Should You Lift Weights If You Train Martial Arts?

(Last Updated On: September 26, 2018)

A topic frequently discussed in the martial arts and the MMA community is whether a practitioner should lift weights. This article examines an assortment of strength training exercises and describes the various effects it has on an individual training martial arts.

But before we go into whether or not martial artists should lift weights, let’s go into the different types of resistance exercises.

Strenght Training Styles

Compound Lifts Versus Isolated Lifts

To quickly build muscle mass and strength, compound lifts are the way to go. Compound lifts, also called multi-joint resistance training has long been lauded as the way to go for strength training. Isolated lifts, also called single-joint lifts has long been whispered to be less effective. But is that so? A study done in 2015 showed that compound lifts and isolated lifts both increase muscle size in untrained men. However, compound lifts have been shown to build multiple muscles at the same time instead of just one isolated muscle because multiple muscles are activated at the same time. Additionally, compound lifts simulate real-life movement and thus better prepare muscles for functional movement. As a martial artists, if you choose to lift weights, aim for compound lifts.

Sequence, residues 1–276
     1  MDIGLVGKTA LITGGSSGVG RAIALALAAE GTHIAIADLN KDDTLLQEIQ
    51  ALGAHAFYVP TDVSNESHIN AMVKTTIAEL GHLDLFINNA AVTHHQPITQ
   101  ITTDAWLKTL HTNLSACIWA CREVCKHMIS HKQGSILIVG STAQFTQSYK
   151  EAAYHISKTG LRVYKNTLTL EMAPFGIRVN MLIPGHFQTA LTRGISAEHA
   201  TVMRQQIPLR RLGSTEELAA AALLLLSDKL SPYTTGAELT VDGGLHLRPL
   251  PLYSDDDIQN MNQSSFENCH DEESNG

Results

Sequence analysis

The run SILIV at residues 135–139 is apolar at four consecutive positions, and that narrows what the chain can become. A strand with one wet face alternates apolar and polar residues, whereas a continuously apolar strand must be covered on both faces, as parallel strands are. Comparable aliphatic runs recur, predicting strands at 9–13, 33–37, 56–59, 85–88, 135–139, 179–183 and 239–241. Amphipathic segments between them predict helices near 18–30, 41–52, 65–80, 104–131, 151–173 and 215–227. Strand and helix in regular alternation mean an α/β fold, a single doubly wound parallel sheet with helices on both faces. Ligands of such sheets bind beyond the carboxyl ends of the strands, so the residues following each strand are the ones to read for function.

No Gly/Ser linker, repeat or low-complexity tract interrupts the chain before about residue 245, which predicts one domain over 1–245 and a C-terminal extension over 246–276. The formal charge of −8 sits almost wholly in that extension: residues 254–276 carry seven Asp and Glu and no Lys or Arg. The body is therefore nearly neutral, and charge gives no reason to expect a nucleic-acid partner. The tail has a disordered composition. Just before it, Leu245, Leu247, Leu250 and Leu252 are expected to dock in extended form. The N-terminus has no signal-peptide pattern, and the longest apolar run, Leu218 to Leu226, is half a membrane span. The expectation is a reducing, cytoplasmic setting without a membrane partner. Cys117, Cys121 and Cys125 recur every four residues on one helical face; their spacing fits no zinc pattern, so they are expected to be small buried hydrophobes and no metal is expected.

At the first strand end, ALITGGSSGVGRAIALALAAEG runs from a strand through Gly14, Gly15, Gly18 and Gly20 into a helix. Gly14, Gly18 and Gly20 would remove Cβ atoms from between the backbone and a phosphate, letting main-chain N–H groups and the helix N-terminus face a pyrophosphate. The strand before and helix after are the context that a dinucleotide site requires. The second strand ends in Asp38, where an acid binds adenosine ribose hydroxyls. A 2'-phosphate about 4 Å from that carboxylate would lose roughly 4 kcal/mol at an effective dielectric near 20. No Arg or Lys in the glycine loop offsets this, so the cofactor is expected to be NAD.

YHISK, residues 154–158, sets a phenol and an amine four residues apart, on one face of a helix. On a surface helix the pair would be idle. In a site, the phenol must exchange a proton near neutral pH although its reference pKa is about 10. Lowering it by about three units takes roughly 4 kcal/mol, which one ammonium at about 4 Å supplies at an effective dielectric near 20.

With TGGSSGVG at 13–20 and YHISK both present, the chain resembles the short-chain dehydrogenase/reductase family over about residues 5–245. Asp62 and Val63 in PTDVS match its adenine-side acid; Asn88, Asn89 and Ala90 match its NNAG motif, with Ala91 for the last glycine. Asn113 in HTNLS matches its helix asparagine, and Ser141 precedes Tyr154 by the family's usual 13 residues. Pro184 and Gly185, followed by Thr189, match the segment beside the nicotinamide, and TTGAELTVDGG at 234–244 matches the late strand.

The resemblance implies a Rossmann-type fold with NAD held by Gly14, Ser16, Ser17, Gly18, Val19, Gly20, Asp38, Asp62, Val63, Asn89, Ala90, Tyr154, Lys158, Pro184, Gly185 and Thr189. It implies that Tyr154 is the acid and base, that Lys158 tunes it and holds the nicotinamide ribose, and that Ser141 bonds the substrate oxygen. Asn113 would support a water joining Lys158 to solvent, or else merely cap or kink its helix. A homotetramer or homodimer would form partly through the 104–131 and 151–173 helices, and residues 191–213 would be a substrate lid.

Olympic style lifts, squats and deadlifts are a few example of these types of exercises. They require multiple muscle groups to function together in order to execute one complete motion. Furthermore, compound lifts are more effective at increasing an individual’s general size and weight than isolation exercises, such as bicep curls.